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Chronic Illness, Identity, and Recurring Disclosures: An Exploratory Sequential Mixed-Methods Research Study

Heather L Voorhees, University of Nebraska - Lincoln


It is estimated that one-half of all U.S. adults currently deal with chronic illness (Ward, Schiller, & Goodman, 2014), defined as conditions that “last a year or more and require ongoing medical attention or that limit activities of daily living” (CDC, 2018). These patients work to incorporate their illness into their overall sense of self—i.e., accept an “illness identity.” Due to the ongoing nature of chronic illness, people with such conditions often find themselves disclosing illness-related information regularly. Extant research explores how people decide to initially disclose illness-related information, such as a disease diagnosis or treatment plan (e.g. (Barned, Stinzi, Mack, & O’Doherty, 2016; Ngwenya, Farquhar & Ewing, 2016), but there is much we don’t know about the relationship, if any, between recurring disclosures and illness identity. This exploratory sequential mixed-methods study explores how and why chronically ill people decide what illness-related information to share throughout a long-term illness experience. Phase 1 is a qualitative study employing semi-structured interviews (N = 19) and constructivist grounded theory analysis. Data from this phase support the creation of a four-quadrant typology of communicative behaviors that chronically ill patients demonstrate when: (a) both their personal and relational illness identities are accepted (e.g. Accepted quadrant); (b) neither their personal nor their relational illness identities are accepted (e.g. Unaccepted quadrant); (c) personal illness identity is accepted, but relational illness identity is not (e.g. Protected quadrant); and (d) personal illness identity is not accepted but relational illness identity is (e.g. Ascribed quadrant). Phase 2 is a quantitative study (N = 252) using an online survey to test the typology and to determine if there is a structure to a person’s illness-related disclosure behavior when seeking social support for a chronic illness. Data from this phase partially support the typology and validate the newly created Relational Illness Identity Scale. The last portion of this dissertation includes: (a) a brief history of “illness identity,” (b) an argument in favor of connecting illness identity to the Communication Theory of Identity (Hecht, 1993), (c) descriptions of this study’s theoretical and pragmatic contributions, and (d) directions for future research.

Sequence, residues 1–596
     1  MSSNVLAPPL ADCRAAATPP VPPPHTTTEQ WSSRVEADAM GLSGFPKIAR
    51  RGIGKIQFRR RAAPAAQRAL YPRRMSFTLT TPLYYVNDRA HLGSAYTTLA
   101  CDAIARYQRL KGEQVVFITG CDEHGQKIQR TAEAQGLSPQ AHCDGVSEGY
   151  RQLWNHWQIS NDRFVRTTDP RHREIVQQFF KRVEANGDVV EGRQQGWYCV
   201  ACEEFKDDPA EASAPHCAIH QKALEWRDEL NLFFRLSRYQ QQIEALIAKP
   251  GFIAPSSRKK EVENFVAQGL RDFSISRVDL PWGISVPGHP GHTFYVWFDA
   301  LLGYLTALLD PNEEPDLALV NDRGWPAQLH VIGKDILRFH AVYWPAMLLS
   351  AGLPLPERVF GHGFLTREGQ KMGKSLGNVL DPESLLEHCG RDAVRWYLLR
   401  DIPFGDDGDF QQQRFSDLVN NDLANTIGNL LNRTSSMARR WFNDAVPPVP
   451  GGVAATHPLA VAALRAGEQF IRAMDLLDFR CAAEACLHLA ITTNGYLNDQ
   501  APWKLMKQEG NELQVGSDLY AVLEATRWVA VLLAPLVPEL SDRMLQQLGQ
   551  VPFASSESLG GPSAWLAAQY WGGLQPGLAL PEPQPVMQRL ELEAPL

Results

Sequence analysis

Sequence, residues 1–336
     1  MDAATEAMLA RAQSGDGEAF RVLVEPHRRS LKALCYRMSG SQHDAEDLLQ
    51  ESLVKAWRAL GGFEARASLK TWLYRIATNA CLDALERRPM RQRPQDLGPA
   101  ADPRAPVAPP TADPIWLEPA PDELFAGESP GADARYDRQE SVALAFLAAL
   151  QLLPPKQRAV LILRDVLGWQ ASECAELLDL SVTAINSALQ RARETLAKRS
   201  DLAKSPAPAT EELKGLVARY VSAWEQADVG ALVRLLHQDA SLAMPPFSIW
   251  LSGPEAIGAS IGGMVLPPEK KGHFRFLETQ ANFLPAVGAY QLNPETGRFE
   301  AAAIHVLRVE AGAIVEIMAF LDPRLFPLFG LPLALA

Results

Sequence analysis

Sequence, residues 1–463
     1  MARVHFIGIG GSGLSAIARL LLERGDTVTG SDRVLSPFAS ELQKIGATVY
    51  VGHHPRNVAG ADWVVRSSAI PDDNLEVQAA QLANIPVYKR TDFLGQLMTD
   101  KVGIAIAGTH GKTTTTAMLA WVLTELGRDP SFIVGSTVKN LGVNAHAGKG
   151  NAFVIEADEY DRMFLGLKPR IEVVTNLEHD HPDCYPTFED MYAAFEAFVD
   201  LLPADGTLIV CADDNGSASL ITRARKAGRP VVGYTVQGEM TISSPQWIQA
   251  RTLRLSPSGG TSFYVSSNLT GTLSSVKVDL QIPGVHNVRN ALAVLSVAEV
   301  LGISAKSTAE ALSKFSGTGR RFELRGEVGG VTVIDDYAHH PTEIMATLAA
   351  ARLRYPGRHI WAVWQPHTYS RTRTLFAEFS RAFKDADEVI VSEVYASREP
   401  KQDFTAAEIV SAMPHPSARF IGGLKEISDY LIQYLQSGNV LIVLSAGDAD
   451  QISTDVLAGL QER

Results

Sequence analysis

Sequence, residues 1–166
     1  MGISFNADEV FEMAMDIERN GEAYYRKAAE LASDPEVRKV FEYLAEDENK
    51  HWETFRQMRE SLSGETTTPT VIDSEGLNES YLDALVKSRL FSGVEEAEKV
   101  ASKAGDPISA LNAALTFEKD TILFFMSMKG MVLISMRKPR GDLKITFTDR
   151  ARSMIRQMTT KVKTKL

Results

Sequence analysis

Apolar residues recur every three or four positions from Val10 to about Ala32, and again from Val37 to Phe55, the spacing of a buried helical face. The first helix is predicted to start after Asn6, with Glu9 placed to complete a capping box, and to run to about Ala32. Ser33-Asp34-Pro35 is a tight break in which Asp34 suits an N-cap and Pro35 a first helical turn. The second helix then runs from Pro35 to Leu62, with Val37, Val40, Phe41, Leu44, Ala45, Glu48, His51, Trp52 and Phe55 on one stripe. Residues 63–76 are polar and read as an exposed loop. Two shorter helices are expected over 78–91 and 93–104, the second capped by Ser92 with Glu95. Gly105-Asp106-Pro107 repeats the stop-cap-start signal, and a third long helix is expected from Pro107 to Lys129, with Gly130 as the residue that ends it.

Subject Area

Communication|Social psychology|Behavioral psychology

Recommended Citation

Voorhees, Heather L, "Chronic Illness, Identity, and Recurring Disclosures: An Exploratory Sequential Mixed-Methods Research Study" (2019). ETD collection for University of Nebraska-Lincoln. AAI22621381.